“They clearly made a decision that political capital was something that should be used, not saved,” said Steven Elmendorf, a Democratic lobbyist who worked for years as a senior leadership aide on Capitol Hill. “The reality is, he talked before the election about what he wanted to do, and he’s done it. He didn’t trim his sails, he didn’t change his philosophy. He didn’t compromise. The test will come in the fall: can he and Democrats in Congress make the case to the American people that what he did was the right thing to do?”

That is a difficult case to make, though Mr. Obama is trying. The latest CBS News poll found that while a majority of Americans supported increasing regulations on banks and financial institutions, nearly three-quarters said Mr. Obama’s stimulus bill had not improved the economy, and only a little more than a third approved of the health care law.

“You know, sometimes these pundits, they can’t figure me out,” the president said last week, campaigning in Kansas City, Mo., for the Democratic Senate candidate there. “They say, ‘Well, why is he doing that?’ That doesn’t poll well. Well, I’ve got my own pollsters, I know it doesn’t poll well. But it’s the right thing to do for America.”

It is an argument that sounds eerily similar to the one Mr. Obama’s predecessor, George W. Bush, made to justify an unpopular war in Iraq as he watched his own poll numbers sink lower. Mr. Bush and his aides often felt they could not catch a break; when the economy was humming along — or at least seemed to be humming along — the Bush White House never got credit for it, because the public was so upset about the war.

In Mr. Obama’s case, people are up in arms over the economy. Just 40 percent of Americans now approve of Mr. Obama’s handling of the economy, the CBS News poll found. More than half said he was spending too little time on the economy. In one of the most striking findings, nearly two-thirds said the president’s economic policies had no effect on them personally — just 13 percent said they had helped them.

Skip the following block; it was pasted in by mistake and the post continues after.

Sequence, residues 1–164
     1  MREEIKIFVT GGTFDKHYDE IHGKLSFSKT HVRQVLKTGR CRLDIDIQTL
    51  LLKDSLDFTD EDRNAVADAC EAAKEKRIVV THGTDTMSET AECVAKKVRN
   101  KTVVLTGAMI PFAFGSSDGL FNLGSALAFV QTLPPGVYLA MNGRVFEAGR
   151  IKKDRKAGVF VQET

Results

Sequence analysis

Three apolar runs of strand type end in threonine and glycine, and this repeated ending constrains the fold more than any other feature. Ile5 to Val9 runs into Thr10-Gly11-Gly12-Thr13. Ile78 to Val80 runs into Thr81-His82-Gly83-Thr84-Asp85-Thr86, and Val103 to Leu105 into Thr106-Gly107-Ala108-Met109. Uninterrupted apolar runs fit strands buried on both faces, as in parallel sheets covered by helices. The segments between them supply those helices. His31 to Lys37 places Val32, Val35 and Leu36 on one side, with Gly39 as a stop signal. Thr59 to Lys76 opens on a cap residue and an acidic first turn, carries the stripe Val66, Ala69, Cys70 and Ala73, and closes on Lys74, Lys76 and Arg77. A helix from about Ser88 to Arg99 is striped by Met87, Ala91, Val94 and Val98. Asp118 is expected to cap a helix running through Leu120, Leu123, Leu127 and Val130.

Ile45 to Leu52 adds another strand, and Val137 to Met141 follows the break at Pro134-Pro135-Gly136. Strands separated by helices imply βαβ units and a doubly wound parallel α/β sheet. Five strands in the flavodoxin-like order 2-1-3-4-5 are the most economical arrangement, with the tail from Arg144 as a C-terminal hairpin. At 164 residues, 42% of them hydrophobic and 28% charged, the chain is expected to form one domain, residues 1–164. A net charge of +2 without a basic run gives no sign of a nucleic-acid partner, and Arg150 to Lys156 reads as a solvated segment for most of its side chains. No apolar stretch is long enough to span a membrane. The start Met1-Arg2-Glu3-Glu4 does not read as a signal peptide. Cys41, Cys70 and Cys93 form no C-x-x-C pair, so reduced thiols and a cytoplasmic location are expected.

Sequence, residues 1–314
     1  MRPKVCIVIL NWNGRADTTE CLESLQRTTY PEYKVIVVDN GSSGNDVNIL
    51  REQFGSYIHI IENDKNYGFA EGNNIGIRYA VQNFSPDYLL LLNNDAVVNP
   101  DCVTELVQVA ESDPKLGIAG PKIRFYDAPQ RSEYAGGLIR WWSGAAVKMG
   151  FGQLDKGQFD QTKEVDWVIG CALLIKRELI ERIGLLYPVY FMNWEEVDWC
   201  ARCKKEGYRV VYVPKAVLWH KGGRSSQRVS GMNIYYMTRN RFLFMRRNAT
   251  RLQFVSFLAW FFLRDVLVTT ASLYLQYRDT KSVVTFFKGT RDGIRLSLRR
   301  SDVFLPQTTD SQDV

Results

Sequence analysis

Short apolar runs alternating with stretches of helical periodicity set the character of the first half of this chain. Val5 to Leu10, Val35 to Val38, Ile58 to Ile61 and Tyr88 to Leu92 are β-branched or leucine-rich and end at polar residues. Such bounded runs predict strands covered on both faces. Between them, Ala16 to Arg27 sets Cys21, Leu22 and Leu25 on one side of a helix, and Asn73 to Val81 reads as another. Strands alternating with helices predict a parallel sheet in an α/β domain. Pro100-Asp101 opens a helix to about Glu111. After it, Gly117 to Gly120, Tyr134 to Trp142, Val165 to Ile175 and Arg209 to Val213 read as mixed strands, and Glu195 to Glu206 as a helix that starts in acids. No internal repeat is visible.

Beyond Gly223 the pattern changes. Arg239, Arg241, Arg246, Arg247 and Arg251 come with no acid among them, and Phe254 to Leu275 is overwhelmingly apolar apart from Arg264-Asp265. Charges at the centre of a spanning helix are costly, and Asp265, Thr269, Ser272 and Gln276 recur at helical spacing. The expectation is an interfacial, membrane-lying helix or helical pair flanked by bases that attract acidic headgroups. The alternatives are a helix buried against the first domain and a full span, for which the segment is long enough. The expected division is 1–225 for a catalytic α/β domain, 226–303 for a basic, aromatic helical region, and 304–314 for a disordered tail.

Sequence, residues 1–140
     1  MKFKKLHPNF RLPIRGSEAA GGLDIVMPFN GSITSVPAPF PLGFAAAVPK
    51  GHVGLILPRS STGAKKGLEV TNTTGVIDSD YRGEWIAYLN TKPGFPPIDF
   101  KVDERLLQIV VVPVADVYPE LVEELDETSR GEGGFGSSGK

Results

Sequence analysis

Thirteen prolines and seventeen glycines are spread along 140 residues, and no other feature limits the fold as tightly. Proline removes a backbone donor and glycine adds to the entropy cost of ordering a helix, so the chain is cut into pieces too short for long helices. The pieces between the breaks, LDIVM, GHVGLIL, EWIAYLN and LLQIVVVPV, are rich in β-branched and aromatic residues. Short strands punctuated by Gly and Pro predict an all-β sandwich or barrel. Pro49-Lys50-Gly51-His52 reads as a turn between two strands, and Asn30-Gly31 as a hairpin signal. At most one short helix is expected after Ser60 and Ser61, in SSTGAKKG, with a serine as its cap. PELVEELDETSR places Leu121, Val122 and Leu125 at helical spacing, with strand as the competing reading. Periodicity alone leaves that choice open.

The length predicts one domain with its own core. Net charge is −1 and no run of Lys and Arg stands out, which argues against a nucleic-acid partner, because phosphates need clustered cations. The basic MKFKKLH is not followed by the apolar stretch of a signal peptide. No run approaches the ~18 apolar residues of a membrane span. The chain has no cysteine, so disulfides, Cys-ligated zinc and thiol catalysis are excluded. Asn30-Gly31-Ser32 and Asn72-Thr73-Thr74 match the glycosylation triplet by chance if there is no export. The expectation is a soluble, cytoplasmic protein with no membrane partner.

“Voters don’t have a checklist that they tick off, of what an elected official promised and then delivered,” said Charlie Cook, the editor of The Cook Political Report, a nonpartisan newsletter that tracks Congressional races. “They were enormously frustrated last year by the fixation on health care when they wanted a focus on the economy, with Democrats losing the messaging fight on whether what they did was right and effective or not.”

Part of the problem for Mr. Obama is that he came to Washington vowing to change the partisan tone in the capital, something he has thus far been unable to do. Just three Senate Republicans voted for the financial regulatory bill on Thursday, continuing a pattern that began early in Mr. Obama’s presidency when just three Republicans joined him on the stimulus bill.

At this point, relations between the president and the opposing party are no better than they were when Mr. Bush left office. Within hours of the bill’s passage on Thursday, Democrats including Mr. Obama were reminding voters that the House Republican leader, Representative John Boehner of Ohio, had called for its repeal. As Mr. Obama traveled to Michigan on Thursday to promote his economic policies, Mr. Boehner accused him of “a bunch of fuzzy math.”